A change in behavioral patterns usually indicates something of a larger term. Whether it is a change in verbiage, tone, or something else, those changes usually represent a mental change that could range from stress, busyness, and the likes. King Richard in Richard III is no different. His syntax shortens, his diction darkens, and his imagery grows worrisome. The change in Richard’s syntax, diction, and imagery pattern indicates his emotional change from open and relaxed to stressed and self-conscious.
In his first soliloquy, Richard’s syntax flows. He speaks using iambic pentameter, and the structure moves on with a relaxed feeling. The lengths of his sentences also vary giving more of a natural movement. The sentence structure actually varies from his 14 line monster (1,1,14-27)o his two sentence line (1,1,41). In his “closing” soliloquy (Act 5, scene 3) he is very short. His natural, relaxed feel begins to turn into a short struggle. He has become less particular with his syntax because he has got more problems to focus on. In his first soliloquy his family is at peace, which allows him to be relaxed, whereas in Act 5 scene 3 he’s on the eve of battle. The change in stress clearly bothers him, and he allows the audience to see by changing his sentence structures.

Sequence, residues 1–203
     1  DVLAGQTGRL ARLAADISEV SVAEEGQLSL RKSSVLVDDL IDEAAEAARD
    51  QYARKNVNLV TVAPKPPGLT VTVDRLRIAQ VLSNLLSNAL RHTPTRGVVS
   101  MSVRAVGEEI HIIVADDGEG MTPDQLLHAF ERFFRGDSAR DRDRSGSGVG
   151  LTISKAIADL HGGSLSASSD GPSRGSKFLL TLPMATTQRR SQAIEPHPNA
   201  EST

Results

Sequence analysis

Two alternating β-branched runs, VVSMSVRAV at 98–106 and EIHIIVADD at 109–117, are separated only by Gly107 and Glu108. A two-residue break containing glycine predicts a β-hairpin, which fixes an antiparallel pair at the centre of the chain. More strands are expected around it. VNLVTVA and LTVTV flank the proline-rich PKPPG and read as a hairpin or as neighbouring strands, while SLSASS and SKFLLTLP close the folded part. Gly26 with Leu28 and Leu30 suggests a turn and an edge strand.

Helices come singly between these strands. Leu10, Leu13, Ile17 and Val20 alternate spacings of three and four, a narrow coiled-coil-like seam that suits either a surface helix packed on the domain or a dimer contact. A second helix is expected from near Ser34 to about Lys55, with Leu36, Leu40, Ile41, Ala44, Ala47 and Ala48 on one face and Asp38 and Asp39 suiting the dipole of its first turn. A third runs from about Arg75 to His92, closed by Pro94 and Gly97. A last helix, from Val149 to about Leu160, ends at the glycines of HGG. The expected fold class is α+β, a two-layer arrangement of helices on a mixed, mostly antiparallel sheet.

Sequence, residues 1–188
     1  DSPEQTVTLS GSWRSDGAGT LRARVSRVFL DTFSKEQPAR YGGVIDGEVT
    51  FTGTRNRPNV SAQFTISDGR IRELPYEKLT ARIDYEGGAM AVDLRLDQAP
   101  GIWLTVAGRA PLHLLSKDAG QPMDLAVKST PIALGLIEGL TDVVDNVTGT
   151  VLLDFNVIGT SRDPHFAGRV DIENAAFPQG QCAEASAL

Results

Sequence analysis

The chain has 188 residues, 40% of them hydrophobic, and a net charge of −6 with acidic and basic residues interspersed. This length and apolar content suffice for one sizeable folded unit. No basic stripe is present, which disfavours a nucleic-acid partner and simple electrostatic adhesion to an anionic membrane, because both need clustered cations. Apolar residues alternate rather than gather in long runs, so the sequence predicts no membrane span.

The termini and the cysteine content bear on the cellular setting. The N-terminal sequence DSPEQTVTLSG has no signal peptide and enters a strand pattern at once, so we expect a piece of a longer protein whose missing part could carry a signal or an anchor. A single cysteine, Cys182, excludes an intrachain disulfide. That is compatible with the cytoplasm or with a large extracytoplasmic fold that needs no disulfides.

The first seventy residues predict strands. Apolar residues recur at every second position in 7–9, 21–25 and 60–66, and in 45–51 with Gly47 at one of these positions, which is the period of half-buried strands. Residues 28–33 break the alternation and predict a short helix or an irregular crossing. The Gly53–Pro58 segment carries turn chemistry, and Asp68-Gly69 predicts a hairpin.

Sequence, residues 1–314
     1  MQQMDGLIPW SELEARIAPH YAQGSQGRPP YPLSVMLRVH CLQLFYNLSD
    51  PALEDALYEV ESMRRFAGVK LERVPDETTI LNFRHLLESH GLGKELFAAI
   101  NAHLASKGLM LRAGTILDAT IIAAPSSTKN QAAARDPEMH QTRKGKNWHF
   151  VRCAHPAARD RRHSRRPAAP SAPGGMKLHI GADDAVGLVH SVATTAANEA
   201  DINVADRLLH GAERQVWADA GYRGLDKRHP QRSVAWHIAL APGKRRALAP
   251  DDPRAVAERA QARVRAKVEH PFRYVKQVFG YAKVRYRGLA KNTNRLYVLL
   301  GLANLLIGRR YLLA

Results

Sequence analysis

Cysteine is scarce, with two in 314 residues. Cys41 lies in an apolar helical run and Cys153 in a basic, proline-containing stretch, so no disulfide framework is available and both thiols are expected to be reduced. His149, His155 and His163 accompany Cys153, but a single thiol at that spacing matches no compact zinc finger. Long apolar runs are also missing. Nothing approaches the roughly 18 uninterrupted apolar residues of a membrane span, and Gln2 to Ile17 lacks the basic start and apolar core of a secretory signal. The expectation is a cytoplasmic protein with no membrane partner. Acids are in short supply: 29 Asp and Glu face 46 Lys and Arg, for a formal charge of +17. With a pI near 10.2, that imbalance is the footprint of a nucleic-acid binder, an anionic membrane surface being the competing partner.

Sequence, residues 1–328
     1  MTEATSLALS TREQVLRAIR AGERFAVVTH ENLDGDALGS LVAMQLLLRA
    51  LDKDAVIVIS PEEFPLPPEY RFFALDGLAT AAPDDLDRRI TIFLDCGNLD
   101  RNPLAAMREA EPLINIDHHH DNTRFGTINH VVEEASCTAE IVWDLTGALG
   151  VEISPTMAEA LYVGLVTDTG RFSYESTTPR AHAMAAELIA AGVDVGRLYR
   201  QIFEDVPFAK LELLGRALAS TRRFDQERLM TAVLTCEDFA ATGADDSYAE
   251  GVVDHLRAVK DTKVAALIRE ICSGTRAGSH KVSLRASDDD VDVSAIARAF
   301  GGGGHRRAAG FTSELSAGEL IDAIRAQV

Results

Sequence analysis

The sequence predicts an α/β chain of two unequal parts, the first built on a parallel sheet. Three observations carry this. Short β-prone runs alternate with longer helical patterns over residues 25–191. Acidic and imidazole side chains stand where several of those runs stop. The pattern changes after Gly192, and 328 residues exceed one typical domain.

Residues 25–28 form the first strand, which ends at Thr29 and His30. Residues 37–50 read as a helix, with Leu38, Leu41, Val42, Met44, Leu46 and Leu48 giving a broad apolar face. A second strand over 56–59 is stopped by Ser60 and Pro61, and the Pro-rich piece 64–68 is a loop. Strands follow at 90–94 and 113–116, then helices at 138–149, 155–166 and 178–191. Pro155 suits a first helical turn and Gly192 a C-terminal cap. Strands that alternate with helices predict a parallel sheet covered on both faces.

Shakespeare also gives great insight on Richard’s mind via diction. In Richard’s opening lines he specifically says, “Our dreadful marches to delightful measures” (1,1,8). Instead of fighting the Lancasters Richard (and his family) are in a time of harmony. He intentionally changes the negative word to a positive. Lines like these are all throughout the opening soliloquy. Richard allows the audience to see that he is at peace, that he is relaxed. By his big soliloquy in Act 5, Richard’s attitude is down. He’s worried about all the deeds he’s done. He directly states, “Is there a murderer here? No. Yes, I am:” (5,3,211). Not only does he leave the negative word of “murderer” in the sentence, but he...
Please join StudyMode to read the full document